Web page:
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Keys to a Successful Post-Acquisition Integration

Any investor or company that has gone through the acquisition process knows the amount of time and effort it takes to get to close.  A process so long that closing day feels like the finish line. However, closing day is just the beginning. The integration of the newly acquired entity into the existing processes and procedures of a parent company or platform is crucial to recognize the full potential of the new acquisition.

Discussed below are 4 keys to consider when integrating newly acquired entities:

1. Plan Fast, Implement Slow

It is easy to want to integrate the new entity onto all the appropriate systems on day one. However, moving too fast without proper processes in place leaves room for more error and headache. Instead, take the time to make a clear plan for the short and long term. For example, if you plan to change the invoicing and billing system your new acquisition uses, you may need to continue using the old system for an extra month to ensure a smooth implementation of any new invoicing, accounts receivable, and accounts payables processes.  Similarly, when migrating to a new accounting system, ensure that the proper procedures, integrations, and data flow are in place before going live.

2. Align Policies and Procedures

It is important to make all accounting processes, systems, and timelines uniform between the newly acquired entity and the existing one. Not only will this allow for the business to function smoothly, but it will also allow for more accurate and efficient financial reporting.

If your financials are on an accrual basis, it is beneficial to align invoicing policies to provide more accurate revenue recognition. If differences exist between entities on when invoicing occurs, and what periods invoicing applies to, it is recommended to align both. Also make sure policies such as deferred revenue and percentage of completion are properly implemented.

Regarding the bill pay process, we recommend creating a general accounts payable email account (e.g. [email protected]) in which all vendors regardless of entity will send bills to. Next, designate a certain day each week when bills are entered into the accounting system and unpaid bills are sent to the appropriate personnel for payment approval. Designate another day each week on which bills are paid.

Regarding payroll, we encourage our clients going through acquisitions to align payroll pay dates between all entities and to even take it a step further to pay on the 15th and 30th/31st every month to limit the number of payroll accruals.

3. Prepare for Initial Investments and Costs

Immediately after closing day, investors and acquirers are often eager to implement their new growth strategies into the business. These new strategies may require additional investment, so plan accordingly. Additionally, as the acquiring company, you will immediately be responsible for the expenses of the acquired company. This was likely covered during the transaction process via a Net Working Capital analysis and hold backs, but make sure you have enough cash to cover costs such as payroll, inventory, and outstanding bills post-close. The good news is that while you are taking on new costs, you will benefit from a new customer base and its respective revenue. Ensure that Accounts Receivable is being tracked and collected to the correct accounts post-close.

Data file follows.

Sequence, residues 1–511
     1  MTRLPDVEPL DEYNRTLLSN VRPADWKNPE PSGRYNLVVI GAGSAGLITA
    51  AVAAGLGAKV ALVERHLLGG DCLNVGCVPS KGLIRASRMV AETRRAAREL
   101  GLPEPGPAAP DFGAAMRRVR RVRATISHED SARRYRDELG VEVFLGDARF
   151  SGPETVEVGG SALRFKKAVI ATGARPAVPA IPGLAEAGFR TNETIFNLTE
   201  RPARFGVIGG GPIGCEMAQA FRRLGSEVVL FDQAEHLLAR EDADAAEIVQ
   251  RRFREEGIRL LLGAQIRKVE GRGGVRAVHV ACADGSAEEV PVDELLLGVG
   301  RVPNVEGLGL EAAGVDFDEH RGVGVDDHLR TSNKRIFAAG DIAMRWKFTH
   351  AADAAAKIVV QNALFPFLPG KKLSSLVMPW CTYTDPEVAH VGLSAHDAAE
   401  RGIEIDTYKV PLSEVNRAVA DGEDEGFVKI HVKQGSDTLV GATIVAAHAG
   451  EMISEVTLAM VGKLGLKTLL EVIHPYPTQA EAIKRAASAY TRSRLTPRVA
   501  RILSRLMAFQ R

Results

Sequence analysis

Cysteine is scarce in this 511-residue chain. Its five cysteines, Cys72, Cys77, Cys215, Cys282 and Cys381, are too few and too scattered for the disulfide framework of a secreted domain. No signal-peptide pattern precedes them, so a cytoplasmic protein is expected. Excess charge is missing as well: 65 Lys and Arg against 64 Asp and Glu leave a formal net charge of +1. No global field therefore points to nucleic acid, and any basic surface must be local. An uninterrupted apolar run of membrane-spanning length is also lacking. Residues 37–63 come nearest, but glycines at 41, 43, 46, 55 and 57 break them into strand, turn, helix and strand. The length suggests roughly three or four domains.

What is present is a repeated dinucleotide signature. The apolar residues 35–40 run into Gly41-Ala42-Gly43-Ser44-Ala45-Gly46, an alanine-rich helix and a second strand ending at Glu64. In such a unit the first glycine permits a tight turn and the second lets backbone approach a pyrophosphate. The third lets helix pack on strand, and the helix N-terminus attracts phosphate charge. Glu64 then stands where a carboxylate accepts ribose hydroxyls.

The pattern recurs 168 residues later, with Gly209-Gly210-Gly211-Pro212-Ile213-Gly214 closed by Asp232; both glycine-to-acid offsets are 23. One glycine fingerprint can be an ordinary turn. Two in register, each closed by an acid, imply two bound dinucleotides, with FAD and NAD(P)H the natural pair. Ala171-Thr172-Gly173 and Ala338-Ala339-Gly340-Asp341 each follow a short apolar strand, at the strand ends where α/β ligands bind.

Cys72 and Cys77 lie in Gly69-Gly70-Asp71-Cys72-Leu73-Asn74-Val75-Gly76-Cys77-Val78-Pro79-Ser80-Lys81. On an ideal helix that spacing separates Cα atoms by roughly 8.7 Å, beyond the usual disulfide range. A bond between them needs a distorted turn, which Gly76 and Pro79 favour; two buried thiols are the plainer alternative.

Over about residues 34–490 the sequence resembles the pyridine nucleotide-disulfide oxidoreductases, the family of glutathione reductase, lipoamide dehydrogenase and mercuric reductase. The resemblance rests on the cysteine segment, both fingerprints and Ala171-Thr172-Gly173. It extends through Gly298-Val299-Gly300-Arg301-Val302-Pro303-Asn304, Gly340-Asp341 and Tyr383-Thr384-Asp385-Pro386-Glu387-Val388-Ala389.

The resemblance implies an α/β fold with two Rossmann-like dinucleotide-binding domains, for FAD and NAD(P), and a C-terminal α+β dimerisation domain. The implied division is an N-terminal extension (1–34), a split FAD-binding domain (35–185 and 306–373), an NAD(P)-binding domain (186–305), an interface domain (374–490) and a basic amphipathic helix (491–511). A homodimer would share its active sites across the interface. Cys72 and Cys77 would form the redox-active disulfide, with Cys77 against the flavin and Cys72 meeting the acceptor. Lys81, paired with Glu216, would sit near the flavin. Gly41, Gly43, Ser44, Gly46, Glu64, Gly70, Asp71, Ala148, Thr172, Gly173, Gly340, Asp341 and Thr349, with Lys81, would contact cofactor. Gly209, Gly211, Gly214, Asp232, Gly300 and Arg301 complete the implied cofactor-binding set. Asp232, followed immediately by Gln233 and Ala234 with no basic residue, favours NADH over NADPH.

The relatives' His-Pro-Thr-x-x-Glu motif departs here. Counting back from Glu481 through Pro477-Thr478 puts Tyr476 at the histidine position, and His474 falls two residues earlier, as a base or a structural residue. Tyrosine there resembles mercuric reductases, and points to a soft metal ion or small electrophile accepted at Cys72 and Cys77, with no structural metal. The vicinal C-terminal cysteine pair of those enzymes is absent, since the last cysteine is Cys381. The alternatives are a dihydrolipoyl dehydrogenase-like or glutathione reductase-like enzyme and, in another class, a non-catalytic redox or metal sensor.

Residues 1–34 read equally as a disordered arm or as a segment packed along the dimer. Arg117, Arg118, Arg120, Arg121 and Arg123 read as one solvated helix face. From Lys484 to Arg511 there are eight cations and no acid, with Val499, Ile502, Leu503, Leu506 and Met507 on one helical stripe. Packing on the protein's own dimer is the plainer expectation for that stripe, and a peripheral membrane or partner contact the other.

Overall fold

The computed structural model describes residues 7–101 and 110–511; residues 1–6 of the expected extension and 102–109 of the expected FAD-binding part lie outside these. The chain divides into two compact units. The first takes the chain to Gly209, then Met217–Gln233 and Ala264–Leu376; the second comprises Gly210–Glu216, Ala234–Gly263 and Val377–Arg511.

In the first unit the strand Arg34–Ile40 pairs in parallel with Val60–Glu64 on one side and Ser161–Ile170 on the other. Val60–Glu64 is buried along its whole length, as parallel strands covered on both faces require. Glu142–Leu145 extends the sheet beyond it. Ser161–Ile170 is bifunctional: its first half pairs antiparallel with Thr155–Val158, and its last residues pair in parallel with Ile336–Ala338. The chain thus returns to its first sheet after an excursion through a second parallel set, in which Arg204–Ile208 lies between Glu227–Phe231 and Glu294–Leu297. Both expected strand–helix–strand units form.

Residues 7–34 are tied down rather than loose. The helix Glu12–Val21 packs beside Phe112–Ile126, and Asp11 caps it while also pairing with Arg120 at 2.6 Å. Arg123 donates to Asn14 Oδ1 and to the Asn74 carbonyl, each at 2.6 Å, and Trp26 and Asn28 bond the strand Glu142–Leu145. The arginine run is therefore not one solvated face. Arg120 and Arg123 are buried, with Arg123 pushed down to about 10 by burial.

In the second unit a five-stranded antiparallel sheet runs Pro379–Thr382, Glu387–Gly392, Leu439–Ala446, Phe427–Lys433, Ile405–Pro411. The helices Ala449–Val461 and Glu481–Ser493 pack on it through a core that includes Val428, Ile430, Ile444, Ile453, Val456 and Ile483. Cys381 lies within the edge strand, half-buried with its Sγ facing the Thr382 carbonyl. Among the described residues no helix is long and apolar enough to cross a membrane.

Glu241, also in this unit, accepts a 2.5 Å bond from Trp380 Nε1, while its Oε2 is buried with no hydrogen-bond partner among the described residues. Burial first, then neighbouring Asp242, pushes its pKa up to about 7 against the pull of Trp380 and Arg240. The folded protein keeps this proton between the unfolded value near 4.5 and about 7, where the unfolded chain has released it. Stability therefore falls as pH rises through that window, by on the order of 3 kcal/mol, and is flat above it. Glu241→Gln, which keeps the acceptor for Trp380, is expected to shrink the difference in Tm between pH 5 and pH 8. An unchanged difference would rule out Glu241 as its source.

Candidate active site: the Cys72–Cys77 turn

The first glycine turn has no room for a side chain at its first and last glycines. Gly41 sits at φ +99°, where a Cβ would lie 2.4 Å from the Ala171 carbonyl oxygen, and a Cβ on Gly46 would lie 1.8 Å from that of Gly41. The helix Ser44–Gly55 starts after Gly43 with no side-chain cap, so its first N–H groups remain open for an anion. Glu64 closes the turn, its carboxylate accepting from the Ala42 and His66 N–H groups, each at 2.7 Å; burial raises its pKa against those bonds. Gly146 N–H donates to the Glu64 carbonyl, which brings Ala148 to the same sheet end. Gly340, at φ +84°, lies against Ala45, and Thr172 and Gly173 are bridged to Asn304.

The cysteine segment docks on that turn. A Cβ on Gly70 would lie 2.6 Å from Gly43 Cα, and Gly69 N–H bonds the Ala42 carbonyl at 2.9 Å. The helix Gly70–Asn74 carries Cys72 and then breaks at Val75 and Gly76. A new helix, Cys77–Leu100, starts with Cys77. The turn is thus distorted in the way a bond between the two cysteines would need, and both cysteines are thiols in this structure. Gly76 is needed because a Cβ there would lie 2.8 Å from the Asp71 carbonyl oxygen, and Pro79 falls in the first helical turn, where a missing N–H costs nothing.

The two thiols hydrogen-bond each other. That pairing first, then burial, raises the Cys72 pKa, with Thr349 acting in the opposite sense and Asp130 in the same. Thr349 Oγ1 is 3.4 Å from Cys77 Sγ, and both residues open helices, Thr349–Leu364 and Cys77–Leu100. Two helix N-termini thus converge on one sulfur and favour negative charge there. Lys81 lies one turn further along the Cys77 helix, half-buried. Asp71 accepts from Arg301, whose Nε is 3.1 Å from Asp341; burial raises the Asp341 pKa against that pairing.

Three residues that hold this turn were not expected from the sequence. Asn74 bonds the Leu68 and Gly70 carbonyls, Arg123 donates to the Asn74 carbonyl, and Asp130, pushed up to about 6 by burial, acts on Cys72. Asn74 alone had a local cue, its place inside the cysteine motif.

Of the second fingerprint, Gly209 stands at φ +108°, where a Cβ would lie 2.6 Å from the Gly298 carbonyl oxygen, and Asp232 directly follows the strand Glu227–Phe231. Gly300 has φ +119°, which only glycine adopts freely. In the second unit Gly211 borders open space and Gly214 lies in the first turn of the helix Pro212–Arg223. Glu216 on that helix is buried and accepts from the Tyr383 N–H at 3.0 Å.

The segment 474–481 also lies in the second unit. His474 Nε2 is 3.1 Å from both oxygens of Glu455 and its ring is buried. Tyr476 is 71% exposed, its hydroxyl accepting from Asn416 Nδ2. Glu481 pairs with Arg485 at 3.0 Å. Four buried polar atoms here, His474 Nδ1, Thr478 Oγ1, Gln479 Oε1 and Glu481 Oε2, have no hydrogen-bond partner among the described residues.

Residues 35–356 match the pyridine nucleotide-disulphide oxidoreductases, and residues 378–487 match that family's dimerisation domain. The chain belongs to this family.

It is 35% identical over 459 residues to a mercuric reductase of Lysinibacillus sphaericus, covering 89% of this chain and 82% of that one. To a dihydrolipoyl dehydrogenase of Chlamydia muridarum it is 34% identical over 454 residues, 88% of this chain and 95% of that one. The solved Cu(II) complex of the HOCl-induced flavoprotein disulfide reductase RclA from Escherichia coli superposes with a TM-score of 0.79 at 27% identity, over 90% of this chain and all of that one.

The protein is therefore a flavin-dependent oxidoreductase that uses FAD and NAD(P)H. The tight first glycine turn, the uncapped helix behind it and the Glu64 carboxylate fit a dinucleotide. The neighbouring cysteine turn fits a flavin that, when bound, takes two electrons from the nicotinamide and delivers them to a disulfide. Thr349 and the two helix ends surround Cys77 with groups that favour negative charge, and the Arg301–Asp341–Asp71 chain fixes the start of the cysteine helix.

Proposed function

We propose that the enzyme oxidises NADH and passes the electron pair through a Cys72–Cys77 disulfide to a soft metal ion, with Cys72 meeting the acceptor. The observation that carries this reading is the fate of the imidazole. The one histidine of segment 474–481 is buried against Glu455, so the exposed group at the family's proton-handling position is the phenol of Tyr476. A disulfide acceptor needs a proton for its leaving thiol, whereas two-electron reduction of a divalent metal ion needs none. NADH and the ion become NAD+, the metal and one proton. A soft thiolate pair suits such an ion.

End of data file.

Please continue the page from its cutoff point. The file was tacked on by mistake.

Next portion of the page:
4. Track Performance

While the goal is to consolidate a newly acquired entity into your current financial reporting, it is helpful to have the option of tracking each entity’s financial performance separately to address the success of the acquisition. Therefore, we recommend using the functionality provided in most accounting software to track revenue and expenses by branch/location. Users can assign each transaction to a location and therefore have the option of running Balance Sheet and P&L reports by entity in addition to consolidated versions. We also recommend creating a formal monthly reporting package that can be used by both management and investors. This will ensure that everyone is aligned on performance, trends, and forecasts.

Throughout 2022 and 2023, CFOx provided buy-side financial due diligence services to an investor-backed landscaping services platform for its acquisitions of three commercial landscaping services companies. Post-close, CFOx has provided recurring month-end close reporting and helped integrate all three entities into the existing accounting processes and procedures of the platform. This work included migrating systems, consolidating payroll processes, and implementing proper accounting policies.

If you would like to learn more about our Accounting Transition and Integration services, please reach out via email ([email protected]) or schedule a call via the Contact Us page on our website.